Bash - stopping on failures

A good habit is to begin each bash script with:

  • set -e (stop execution if a command returns with non-zero exit status)
  • set -u (stop execution if an undefined variable has been used, instead of treating the variable to have an empty value)

However, the set -e commnd has some consequences. The script can end where we would not expect it:

# A sub-command returns non-zero exit status

man non_existing_entry # error (as expected)
OUTPUT=$(man non_existing_entry) # error (maybe not expected)
man non_existing_entry & # NOT error

# Result of an arithmetic expression is zero

let NUM=0 # error (not expected)
NUM=1
let NUM=NUM-1 # error (not expected)

NUM=0 # NOT error
NUM=$((0)) # NOT error
NUM=1
NUM=$((NUM-1)) # NOT error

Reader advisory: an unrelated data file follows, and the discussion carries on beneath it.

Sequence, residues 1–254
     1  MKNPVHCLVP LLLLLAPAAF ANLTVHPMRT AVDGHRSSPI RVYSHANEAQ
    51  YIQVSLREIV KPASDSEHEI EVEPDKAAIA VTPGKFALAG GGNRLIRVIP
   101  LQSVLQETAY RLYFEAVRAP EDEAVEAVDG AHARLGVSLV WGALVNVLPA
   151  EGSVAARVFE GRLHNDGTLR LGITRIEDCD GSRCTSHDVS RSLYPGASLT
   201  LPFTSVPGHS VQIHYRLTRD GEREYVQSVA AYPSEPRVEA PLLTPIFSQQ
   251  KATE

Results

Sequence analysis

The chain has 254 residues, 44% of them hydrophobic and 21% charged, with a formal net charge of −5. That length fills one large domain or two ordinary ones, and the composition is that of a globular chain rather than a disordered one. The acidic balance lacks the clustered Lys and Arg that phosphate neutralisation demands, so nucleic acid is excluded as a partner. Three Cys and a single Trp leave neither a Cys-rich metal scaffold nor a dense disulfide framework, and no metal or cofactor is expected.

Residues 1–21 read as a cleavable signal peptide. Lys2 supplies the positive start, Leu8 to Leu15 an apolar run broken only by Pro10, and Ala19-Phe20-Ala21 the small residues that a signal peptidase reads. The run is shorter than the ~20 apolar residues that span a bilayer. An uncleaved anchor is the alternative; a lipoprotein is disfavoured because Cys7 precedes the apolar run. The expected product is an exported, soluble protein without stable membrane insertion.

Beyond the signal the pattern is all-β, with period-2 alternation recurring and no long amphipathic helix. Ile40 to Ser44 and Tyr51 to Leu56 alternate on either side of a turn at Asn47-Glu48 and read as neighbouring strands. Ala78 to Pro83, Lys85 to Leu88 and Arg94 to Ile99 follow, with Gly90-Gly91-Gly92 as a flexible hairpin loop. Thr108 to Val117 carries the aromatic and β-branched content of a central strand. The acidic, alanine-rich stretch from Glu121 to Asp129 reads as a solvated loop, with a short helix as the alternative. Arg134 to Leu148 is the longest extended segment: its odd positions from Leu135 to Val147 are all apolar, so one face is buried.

# grep did not find anything

ip addr | grep non_existing # error (not expected)

We can avoid treating these cases as errors by surrounding the commands by set +e and set -e:

set +e
man non_existing_entry
let NUM=0
ip addr | grep non_existing
set -e

A function doing this arround a command can help to simplify the code:

noerror()
{
	set +e
	$@
	set -e
}

It can be used as follows:

noerror man non_existing_entry
ip addr | noerror grep non_existing
Written on February 12, 2016